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					                                       PPT/2K804/04
                         Revision no.: PPT/2K403/02




Laptop & Palmtop Computers
                                                                                                                                                         Revision no.: PPT/2K804/04



Types and Classes of Portable Computers


• Three basic form factors describe most of the PC-compatible

  portable computer which are

   – Laptops

   – Notebooks

   – Subnotebooks

• Categories are based primarily on size and weight, but these

  factors have a natural relationship to the capabilities of the

  system.

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                                                                                                                                                         Revision no.: PPT/2K804/04



Laptops

• Improvements in the battery technology and the invention of
  the Large liquid crystal display led to the development of the
  Laptop in the 1980.
• Laptops had a folding LCD
  panel display and an external
  power supply.
• A laptop system weighs 7
  pounds or more and is
  approximately 9×12×2 inches
  in size.
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                                                                                                                                                         Revision no.: PPT/2K804/04



Laptops (contd.)


• Large active-matrix displays, with 64MB–256MB of RAM, and

  hard drives of up to 20GB or more in size with virtually all

  systems now carrying fast CD-ROM or DVD drives; onboard

  speakers; and connectivity options that enable the use of

  external display, storage, and sound systems

• Some models even include combo DVD-CD/RW drives and

  wireless Wi-Fi network capabilities.

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                                                                                                                                                         Revision no.: PPT/2K804/04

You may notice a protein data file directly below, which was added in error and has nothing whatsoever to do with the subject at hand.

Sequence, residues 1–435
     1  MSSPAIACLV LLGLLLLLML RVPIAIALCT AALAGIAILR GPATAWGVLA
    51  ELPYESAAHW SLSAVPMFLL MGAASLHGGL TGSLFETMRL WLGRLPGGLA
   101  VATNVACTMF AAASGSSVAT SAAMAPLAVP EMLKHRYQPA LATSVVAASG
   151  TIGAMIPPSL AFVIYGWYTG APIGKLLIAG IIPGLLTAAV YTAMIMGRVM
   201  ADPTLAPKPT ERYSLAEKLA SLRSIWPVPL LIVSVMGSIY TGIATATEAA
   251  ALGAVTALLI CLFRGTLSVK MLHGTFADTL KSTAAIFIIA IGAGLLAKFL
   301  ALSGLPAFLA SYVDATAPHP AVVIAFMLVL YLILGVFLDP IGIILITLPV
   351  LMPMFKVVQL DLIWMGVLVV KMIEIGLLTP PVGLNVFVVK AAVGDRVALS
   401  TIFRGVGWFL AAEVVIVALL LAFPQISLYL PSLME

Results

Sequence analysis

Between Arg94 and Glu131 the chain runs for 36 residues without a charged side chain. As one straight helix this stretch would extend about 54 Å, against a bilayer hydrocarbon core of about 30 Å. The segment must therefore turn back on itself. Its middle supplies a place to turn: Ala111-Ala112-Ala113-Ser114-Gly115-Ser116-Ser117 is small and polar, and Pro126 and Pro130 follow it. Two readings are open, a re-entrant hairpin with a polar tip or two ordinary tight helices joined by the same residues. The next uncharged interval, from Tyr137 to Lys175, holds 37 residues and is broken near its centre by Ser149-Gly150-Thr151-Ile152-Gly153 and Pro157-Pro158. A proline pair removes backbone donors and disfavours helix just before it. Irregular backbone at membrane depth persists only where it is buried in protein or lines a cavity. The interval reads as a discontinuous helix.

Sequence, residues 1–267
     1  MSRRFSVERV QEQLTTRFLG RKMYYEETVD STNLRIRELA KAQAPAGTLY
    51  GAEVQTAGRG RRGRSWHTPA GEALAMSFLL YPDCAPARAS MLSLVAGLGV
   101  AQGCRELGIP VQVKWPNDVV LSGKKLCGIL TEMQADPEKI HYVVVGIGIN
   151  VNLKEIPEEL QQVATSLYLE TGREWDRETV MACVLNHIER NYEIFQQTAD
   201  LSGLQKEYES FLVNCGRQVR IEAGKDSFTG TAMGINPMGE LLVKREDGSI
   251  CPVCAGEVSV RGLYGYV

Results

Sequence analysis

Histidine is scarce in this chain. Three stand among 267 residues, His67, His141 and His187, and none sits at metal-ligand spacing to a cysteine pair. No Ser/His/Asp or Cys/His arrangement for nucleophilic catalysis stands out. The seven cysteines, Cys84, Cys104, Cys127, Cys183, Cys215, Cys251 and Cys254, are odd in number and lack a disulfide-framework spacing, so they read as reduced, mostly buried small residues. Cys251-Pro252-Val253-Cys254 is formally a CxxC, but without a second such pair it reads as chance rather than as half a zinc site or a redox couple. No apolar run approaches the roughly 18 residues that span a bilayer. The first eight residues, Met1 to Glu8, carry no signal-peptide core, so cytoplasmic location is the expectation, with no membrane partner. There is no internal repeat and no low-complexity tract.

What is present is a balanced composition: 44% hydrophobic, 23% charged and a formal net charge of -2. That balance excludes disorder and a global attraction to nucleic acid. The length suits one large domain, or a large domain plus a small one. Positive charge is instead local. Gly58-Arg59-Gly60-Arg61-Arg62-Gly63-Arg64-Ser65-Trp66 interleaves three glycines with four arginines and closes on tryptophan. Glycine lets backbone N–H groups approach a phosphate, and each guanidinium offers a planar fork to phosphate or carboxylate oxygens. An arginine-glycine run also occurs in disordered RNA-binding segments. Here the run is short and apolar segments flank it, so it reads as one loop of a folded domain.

Notebook

• A notebook system is designed to be somewhat smaller than a
  laptop in nearly every way: size, weight, features, and price.
• Improvements in the IC technology led to the development of
  the notebook computer.
• It was 8.75 inches deep, 11 inches wide
  and 2.25 inches thick.
• Notebooks are targeted at a wider
  audience, from the power user
  who can’t quite afford top-of-the-line
  laptop to the bargain hunter who
  requires only basic services.

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                                                                                                                                                         Revision no.: PPT/2K804/04



Subnotebooks

• Subnotebooks are substantially smaller than both notebooks
  and laptops and are intended for users who must enter and
  work with data on the road, as well as connect to the office
  network.

• First component omitted in a
  subnotebook design is the internal
  floppy drive, CD-ROM drives and
  other bulky hardware components,
  although some include external units.

     © CMS INSTITUTE, 2006. All rights reserved. No part of this material may be reproduced, stored or emailed without the prior permission of Programme Director, CMS Institute
                                                                                                                                                         Revision no.: PPT/2K804/04



Desktop v/s laptop

• Laptops are "desktop replacements", that is they replace
  desktops and there is no need to purchase a desktop, if you
  have a laptop.
• Laptop has some fundamental differences from a desktop in
  terms of :
   – Expandability
       If you purchase a laptop, there is only so much you can change or
       upgrade at a later time.
   – Price
       A laptop is portable, but you pay for this portablity in upfront
       purchase price.

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                                                                                                                                                         Revision no.: PPT/2K804/04